I passed up on the chance to feed the elephants earlier. But I figured I may not get too many chances trying to feed the manatees or sea cows, so I grabbed the opportunity when it was presented. As a matter of hygiene, we were asked to wash our hands with soap and water before and after the feeding. We bought two baskets of boiled carrots and potatoes for the marine mammals (and herbivores at that) and were instructed to continually give them food once we've started to keep them from swimming away. I was amazed to discover that their whiskers weren't as hard as I perceived them to be.

We were off to see the tortoises...

and the iguanas after that. There were scratches on the shells of the tortoises but they appeared to be very tough. It was very tempting to try knocking a few times on its carapace just to get a feel of how hard it is.

There wasn't a contest between a tortoise and hare. But it might have been interesting to see who makes it first to the finish line between a Rhinoceros Iguana and a turtle. In this particular scene, it looked like the turtle had a bit of an edge.

At some point after I have posted this, someone identified this huge lizard as a Komodo dragon, so I checked again. It's not easy to tell them apart if you're not used to seeing the two a lot; they’re both lizards but they belong to different genera. Anyway, the crest of pointed horned scales extending from the nape of the Rhino Iguana's neck to the tip of its tail is one distinguishing factor. If you click on the picture so that you’re zoomed in, you’d see the bony -plated pseudo-horn or outgrowth which resembles the horn of a rhinoceros on the iguana's snout where its name is derived from.

Like Indiana Jones, I don't like snakes very much. Although I'm not sure if I have ophidiophobia and I don't intend to find out. What do you feel about seeing something like the snake in the photo below? It might not be as scary looking as a cobra and it might not even be poisonous, but it still gives me the creeps and I'd avoid getting close to it anytime of the day. I think a lot of people fear snakes for good reason.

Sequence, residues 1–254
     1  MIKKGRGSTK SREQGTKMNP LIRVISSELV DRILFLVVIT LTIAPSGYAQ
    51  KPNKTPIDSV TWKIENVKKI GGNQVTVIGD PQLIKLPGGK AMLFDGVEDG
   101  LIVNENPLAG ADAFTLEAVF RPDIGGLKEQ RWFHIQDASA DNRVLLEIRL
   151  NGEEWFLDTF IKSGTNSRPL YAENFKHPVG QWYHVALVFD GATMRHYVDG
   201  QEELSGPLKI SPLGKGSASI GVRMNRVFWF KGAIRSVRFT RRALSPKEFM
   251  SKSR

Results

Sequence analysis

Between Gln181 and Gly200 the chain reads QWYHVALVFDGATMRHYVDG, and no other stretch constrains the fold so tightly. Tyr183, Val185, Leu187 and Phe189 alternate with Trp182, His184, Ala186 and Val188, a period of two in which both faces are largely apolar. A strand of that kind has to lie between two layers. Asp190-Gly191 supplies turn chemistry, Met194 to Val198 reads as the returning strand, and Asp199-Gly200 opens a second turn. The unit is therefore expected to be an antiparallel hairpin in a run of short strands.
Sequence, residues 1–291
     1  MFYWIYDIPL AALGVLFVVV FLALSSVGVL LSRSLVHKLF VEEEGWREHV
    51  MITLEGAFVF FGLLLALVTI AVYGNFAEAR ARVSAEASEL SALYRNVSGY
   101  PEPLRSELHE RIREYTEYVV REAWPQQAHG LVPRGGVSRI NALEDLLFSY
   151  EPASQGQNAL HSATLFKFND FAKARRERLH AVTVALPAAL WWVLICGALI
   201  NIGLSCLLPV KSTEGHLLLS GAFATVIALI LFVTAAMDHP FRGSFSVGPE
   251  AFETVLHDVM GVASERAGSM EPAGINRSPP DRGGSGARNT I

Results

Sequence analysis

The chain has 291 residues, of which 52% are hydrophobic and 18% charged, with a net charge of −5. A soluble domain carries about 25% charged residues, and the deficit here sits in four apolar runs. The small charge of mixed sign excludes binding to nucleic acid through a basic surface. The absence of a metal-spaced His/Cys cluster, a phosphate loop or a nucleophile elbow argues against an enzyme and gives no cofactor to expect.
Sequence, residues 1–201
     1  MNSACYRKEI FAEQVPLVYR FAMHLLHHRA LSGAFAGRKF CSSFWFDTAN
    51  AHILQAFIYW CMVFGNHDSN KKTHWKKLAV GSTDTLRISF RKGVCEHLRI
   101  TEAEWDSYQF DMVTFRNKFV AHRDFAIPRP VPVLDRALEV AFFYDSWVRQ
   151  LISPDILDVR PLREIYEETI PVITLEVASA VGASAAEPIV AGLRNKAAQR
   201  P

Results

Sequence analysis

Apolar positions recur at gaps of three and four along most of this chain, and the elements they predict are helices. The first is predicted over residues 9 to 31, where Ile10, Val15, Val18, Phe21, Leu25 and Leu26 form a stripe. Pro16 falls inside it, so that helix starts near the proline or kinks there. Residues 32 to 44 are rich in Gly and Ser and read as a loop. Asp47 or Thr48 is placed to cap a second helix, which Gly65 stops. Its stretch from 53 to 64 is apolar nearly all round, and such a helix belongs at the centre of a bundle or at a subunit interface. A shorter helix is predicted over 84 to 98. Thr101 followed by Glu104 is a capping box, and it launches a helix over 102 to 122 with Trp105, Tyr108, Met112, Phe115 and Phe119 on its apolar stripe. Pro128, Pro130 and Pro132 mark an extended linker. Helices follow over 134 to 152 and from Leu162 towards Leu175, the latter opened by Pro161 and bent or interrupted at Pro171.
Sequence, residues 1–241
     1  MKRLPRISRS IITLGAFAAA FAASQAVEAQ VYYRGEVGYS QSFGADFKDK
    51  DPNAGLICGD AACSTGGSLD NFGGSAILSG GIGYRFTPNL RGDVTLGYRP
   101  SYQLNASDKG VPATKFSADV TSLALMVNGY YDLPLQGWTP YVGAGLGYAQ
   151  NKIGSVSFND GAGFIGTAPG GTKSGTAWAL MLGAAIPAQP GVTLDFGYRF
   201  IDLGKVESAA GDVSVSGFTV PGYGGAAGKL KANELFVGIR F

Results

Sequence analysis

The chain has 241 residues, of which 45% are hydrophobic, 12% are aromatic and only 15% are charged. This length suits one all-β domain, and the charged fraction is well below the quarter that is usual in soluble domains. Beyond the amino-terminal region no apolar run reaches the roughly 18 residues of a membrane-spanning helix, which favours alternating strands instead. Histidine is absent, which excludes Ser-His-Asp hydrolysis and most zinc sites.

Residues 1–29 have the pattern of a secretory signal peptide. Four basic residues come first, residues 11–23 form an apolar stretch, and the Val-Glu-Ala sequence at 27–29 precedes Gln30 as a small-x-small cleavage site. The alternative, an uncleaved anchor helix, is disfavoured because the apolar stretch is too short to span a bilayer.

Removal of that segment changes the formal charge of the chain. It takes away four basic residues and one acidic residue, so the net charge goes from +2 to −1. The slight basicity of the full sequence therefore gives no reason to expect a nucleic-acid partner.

I'd appreciate it if you can help me identify this animal. And I'm not referring to the snake above. If you're interested to learn more about venomous snakes, this should be a good start. I am referring to the guy with the big ears below.

For some people, the photo below was more terrifying than the snake. Someone commented that the statue looked like a real human being that successfully climbed out of the big jar, now by its side. I did get to see mummified human skeletons taken from jars in a museum exhibit years ago. There's little resemblance between those and the one below, who, standing in his own two feet, looks alive to me.

Below are the usual suspects. But a zoo would not be complete without them.

Our plans of having dinner at home were derailed after waiting for two Maxi Cabs to arrive but failing to haggle with their drivers to take us home for the same (or near enough the) amount we had previously paid getting there. With no more reason to rush home, we took SBS Transit bus 138 going to the Ang Mo Kio Station and took the MRT from there.

Long day? Definitely. Good day? Absolutely.

Labels: ,


Post a Comment

Subscribe to Post Comments [Atom]

<< Home